When trying to measure the success of something, you’ll often hear the term return on investment (ROI). It’s a measure that can work in the business world where an initiative directly results in a change in sales. It’s hard to tie marketing to ROI because things like branding and communication overhauls don’t lead to fast change.
Let’s be honest, outside of the business world, ROI does not make much sense for non-profits and churches, where hard numbers aren’t easy to measure and don’t directly show success.
As an alternative, let me introduce return on objectives (ROO). It’s not my idea, but one more businesses and organizations are using to measure the success of initiatives that don’t always lead to immediate results.
The nice thing about ROO is it measures whether you met your goals, not whether you made money. It helps you know if you’re organization is moving in the right direction in achieving long-term goals. Here are a few more reasons to consider measuring ROO.
- It makes you set goals. Whenever you launch something new, whether it’s a website, volunteer program or new initiative, you should set goals for what you want to accomplish. What will success look like? How can you measure it? What’s the time frame for getting this done? Think about the S.M.A.R.T. method. Set objectives that are specific, measureable, achievable, realistic and timely.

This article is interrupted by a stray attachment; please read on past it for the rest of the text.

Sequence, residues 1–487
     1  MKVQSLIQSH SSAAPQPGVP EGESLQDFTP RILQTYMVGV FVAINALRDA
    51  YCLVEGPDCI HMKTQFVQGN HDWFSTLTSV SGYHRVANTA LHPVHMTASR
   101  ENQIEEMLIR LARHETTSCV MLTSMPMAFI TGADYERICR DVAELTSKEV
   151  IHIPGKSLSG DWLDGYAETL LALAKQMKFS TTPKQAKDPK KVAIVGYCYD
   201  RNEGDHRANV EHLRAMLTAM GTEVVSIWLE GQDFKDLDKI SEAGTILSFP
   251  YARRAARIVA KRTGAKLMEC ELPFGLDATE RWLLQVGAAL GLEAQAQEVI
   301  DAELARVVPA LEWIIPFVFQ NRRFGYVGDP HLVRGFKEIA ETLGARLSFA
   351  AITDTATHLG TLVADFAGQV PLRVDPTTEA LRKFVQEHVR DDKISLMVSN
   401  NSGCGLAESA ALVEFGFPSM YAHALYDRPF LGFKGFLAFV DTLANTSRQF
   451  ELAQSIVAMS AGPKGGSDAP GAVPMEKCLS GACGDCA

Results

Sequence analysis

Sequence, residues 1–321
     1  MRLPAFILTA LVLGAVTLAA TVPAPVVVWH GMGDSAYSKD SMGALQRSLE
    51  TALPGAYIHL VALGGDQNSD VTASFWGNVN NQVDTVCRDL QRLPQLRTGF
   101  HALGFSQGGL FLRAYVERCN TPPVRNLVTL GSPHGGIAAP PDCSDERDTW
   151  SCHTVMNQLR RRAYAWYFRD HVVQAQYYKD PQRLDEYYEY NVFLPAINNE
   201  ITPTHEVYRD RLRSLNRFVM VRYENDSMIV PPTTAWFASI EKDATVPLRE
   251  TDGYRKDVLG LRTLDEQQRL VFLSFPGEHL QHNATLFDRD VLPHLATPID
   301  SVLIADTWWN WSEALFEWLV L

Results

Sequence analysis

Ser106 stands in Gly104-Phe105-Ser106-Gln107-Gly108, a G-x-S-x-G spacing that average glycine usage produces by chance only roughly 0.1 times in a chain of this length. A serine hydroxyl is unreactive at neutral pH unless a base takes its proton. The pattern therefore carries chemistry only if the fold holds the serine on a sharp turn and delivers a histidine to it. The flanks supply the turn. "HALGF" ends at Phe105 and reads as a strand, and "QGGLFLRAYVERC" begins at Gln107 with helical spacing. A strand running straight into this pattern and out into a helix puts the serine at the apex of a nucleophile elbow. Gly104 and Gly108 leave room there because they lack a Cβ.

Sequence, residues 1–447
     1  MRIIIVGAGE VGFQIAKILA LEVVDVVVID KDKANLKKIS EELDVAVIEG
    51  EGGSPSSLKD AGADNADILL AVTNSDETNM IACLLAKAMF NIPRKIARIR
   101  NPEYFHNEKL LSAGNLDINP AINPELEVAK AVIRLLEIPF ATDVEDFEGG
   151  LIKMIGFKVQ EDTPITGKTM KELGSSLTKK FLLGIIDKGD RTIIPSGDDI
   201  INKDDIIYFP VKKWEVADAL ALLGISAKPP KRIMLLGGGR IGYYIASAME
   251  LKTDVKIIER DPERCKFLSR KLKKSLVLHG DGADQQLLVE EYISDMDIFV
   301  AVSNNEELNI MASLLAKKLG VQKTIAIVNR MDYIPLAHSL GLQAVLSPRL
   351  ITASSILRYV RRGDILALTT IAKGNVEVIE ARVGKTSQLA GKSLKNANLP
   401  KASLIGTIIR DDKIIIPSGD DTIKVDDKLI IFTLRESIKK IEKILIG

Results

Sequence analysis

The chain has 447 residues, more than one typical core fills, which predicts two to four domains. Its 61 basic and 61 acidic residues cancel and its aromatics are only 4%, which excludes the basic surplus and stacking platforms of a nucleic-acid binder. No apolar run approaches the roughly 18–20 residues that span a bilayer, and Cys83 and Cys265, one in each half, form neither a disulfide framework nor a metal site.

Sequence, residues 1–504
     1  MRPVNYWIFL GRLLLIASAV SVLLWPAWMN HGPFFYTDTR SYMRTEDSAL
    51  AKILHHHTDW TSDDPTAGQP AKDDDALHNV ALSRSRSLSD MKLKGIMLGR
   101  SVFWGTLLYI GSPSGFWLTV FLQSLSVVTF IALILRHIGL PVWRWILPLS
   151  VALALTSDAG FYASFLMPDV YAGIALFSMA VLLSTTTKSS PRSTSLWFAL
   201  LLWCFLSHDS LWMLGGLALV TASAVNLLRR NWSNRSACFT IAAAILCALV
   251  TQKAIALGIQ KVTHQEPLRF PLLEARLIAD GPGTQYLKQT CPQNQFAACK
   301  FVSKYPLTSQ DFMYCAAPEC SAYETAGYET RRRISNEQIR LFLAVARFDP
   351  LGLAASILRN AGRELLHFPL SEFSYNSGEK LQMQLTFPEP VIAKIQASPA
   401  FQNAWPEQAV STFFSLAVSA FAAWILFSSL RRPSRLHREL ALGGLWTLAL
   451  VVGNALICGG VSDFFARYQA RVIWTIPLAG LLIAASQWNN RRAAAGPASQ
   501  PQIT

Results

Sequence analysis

- It makes you measure. It’s easy to skip evaluation. In the church setting we often get too sensitive that any critique, even when it’s constructive, is a personal negative attack. That’s simply not true or productive. If you start a project with the expectation that there will be a measure of success, it makes the evaluation process more natural and routine.
- It lets you celebrate success and embrace failure. If you have measureable goals, you can get excited when you reach those objectives. Likewise, you can use your failures and learn how to do better moving ahead. When you don’t have objectives it’s hard to define what’s a win. And a team that can’t celebrate isn’t going to have the motivation to do their next great project.
- It eliminates excuses. The enemy of “that’s the way we’ve always done it” is measurable objectives. It gives you some tangible support of why things need to change or keep moving forward.
I know talking about something like ROO feels sort of corporate, but don’t let that distract you. To be good stewards of your God-given resources, you have to have accountability. Setting objectives is healthy. It gives you direction. And it lets you change course when needed.